A Look at the History of the HUD
A Look at the History of the HUD

The US Department of Housing and Urban Development (HDU) was set up through the US Housing Act of 1937. It was revised in 1965 through the Department of Housing and Urban Development which established HUD as a cabinet-level agency.

Another change came in 1968 when riots broke out following the assassination of Dr. Martin Luther King Jr. The Civil Rights Act of 1968, which is also known as the Fair Housing Act was set up. It outlawed most forms of housing discrimination and made it possible to enforce HUD laws. The 1968 Act also set up the Government National Mortgage Association known as Ginnie Mae. It was set up with the goal of facilitating mortgages for middle-income families by giving them government mortgage-backed securities.

In 1970, the Federal Experimental Housing Allowance Program and Community Development Corporation was set up through the Housing and Urban Development Act of 1970. Four years later, housing programs were consolidated into the Community Development Block Grant (CDBG) through the Housing and Community Development Act.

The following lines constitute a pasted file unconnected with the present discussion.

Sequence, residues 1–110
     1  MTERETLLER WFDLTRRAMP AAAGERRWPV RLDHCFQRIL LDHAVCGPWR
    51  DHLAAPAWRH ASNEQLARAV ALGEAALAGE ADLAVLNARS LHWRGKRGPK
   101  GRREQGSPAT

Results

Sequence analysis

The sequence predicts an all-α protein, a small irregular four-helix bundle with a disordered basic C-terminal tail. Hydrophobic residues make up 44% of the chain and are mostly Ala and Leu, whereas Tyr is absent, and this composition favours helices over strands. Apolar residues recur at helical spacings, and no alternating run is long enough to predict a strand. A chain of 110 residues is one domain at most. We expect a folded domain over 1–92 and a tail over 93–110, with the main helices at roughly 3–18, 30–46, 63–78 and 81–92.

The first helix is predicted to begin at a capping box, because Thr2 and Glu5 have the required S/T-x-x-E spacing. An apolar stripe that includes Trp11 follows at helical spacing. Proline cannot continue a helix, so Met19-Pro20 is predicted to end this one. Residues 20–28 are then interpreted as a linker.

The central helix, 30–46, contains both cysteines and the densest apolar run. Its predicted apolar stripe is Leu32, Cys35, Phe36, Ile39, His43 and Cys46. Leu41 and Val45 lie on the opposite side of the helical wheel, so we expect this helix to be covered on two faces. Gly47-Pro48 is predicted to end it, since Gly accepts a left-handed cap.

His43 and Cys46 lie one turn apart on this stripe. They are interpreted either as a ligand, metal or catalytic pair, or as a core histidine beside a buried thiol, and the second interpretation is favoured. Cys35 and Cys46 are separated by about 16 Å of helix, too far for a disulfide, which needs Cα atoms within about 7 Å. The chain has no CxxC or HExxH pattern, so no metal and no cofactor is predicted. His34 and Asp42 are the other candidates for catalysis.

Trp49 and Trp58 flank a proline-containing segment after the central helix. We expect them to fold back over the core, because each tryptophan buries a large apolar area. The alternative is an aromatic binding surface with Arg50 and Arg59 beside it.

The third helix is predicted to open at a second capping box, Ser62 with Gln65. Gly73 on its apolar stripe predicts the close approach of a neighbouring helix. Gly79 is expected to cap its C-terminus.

In 1998, HUD opened the Enforcement Center to address legal problems arising from HUD-assisted multifamily property owners and other fund beneficiaries who didn’t abide by laws and regulations. Also, Public Housing reforms were approved by Congress in order to reduce cases of housing segregation by income levels and race.

In 2000, American homeownership stood at a record 67.7% at the end of the third quarter. This translated to a total of 71.6 million homeowners.

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